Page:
Chicken Every Sunday (1949)

93-94 mins | Comedy-drama | February 1949

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HISTORY

A condensation of Rosemary Taylor's novel was published in Reader's Digest in Sep 1943. In a letter in studio files, author Taylor noted, "Don't let the public know, please, but most of 'Chicken' was either fiction or facts so scrambled as to be unrecognizable. Only our family names are real." However in a NYT article dated 2 Apr 1944, Taylor noted that the book was "a story about my family." According to information in the Twentieth Century-Fox Records of the Legal Department located at the UCLA Arts--Special Collections Library, Warner Bros. bought the motion picture rights in Aug 1944; in Aug 1945, Fox paid Warners $275,000 for the rights. During the period in which Warner Bros. owned the rights, Julius J. and Philip G. Epstein, who wrote the play based on the novel, wrote a screenplay based on the play and novel and Mervyn LeRoy was slated to direct it. It is not known if the Epstein screenplay was later used by the Fox writers. Mary C. McCall, Jr. wrote a screenplay and revisions for Fox, but the extent of her contribution to the final film has not been determined.
       HR news items indicate that John Payne was considered for a top role in the film. According to publicity for the film in the AMPAS production files, Maureen O'Hara and Henry Fonda were scheduled to play the leads, and Vanessa Brown was listed in the cast in Sep 1946. Jeanne Crain was scheduled for the role of the daughter when production was to begin on 4 Nov 1946, and later HR news items indicate ... More Less

A condensation of Rosemary Taylor's novel was published in Reader's Digest in Sep 1943. In a letter in studio files, author Taylor noted, "Don't let the public know, please, but most of 'Chicken' was either fiction or facts so scrambled as to be unrecognizable. Only our family names are real." However in a NYT article dated 2 Apr 1944, Taylor noted that the book was "a story about my family." According to information in the Twentieth Century-Fox Records of the Legal Department located at the UCLA Arts--Special Collections Library, Warner Bros. bought the motion picture rights in Aug 1944; in Aug 1945, Fox paid Warners $275,000 for the rights. During the period in which Warner Bros. owned the rights, Julius J. and Philip G. Epstein, who wrote the play based on the novel, wrote a screenplay based on the play and novel and Mervyn LeRoy was slated to direct it. It is not known if the Epstein screenplay was later used by the Fox writers. Mary C. McCall, Jr. wrote a screenplay and revisions for Fox, but the extent of her contribution to the final film has not been determined.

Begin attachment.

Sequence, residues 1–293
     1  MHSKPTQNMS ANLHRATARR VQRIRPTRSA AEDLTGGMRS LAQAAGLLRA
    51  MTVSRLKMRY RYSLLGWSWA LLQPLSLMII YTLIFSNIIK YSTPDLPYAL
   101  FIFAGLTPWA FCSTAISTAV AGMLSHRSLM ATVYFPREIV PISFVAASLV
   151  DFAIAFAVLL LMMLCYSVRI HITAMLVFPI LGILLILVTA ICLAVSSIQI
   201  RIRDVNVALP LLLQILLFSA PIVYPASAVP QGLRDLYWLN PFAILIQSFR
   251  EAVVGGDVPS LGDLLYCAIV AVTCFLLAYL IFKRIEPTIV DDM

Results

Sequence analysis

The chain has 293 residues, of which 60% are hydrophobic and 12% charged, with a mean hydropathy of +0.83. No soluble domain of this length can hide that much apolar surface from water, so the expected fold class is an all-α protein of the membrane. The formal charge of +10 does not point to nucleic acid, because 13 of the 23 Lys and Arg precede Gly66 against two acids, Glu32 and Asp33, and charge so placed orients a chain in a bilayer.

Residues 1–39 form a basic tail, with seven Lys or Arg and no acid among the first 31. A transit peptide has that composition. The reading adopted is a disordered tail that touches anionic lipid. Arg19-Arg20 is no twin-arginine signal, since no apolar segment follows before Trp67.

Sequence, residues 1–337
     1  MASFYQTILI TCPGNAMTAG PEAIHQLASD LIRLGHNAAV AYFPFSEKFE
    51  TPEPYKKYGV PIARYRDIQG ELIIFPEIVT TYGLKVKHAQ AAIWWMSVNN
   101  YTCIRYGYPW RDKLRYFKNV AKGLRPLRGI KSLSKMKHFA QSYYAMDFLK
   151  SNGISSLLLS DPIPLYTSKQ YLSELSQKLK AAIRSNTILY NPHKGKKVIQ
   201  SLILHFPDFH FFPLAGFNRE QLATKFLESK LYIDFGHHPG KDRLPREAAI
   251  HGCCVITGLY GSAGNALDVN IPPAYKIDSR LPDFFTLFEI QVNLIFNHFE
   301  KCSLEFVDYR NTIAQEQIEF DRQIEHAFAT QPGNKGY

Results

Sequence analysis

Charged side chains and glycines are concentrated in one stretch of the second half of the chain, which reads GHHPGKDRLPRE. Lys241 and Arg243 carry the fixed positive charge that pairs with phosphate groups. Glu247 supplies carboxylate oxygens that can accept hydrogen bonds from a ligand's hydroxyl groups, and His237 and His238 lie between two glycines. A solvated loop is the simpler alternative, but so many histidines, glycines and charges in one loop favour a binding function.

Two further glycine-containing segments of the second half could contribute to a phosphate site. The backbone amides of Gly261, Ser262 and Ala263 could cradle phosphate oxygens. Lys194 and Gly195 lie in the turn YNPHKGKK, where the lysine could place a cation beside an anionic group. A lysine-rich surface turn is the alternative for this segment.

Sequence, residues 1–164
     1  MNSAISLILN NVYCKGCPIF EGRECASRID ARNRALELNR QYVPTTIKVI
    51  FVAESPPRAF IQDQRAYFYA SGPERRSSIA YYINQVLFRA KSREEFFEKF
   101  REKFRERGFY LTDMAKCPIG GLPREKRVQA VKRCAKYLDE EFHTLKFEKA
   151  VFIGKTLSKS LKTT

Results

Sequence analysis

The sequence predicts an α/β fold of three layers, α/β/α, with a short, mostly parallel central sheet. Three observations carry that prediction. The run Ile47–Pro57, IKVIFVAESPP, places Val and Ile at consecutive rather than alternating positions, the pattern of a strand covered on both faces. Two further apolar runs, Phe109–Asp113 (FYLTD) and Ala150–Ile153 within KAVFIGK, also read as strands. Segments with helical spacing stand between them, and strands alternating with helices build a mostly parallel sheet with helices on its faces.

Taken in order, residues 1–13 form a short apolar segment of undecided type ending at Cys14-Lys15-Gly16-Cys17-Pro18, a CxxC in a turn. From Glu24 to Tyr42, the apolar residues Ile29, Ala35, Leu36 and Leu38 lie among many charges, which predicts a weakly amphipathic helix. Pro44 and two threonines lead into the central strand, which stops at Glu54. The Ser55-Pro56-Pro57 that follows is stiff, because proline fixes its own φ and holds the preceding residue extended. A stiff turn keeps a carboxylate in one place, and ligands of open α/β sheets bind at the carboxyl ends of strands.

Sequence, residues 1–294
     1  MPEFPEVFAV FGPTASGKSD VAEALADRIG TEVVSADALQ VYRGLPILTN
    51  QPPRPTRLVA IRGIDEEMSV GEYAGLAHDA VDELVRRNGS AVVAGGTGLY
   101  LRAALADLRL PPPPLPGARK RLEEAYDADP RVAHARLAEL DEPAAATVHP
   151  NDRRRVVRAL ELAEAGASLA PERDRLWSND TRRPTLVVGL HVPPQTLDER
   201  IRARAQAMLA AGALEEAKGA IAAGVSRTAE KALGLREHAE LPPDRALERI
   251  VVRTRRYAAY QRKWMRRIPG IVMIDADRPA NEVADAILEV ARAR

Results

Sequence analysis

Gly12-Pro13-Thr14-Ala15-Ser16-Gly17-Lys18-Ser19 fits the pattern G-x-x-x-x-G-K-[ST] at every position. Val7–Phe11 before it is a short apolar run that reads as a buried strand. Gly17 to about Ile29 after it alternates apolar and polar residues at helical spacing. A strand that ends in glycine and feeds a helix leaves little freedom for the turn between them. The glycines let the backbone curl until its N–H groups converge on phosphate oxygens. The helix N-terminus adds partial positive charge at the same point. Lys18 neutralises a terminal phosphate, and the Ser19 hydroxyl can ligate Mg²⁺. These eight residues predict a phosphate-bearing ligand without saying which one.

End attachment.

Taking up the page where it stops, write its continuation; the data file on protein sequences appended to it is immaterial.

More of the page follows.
HR news items indicate that John Payne was considered for a top role in the film. According to publicity for the film in the AMPAS production files, Maureen O'Hara and Henry Fonda were scheduled to play the leads, and Vanessa Brown was listed in the cast in Sep 1946. Jeanne Crain was scheduled for the role of the daughter when production was to begin on 4 Nov 1946, and later HR news items indicate Betty Ann Lynn was cast as her replacement. Studio legal files note that Veda Ann Borg replaced Martha Stewart in the role of "Rita Kirby." According to information in the studio's Produced Script Collection, also at UCLA, the studio planned to test Florence Bates for the role of "Minnie Moon." The film was postponed a number of times due to actors' scheduling conflicts. The Tucson Mountains area was used for backgrounds. Other location shooting was done in the Nevada towns of Gardnerville, Minden, Carson City, Virginia City and Silver City, according to publicity and the legal records.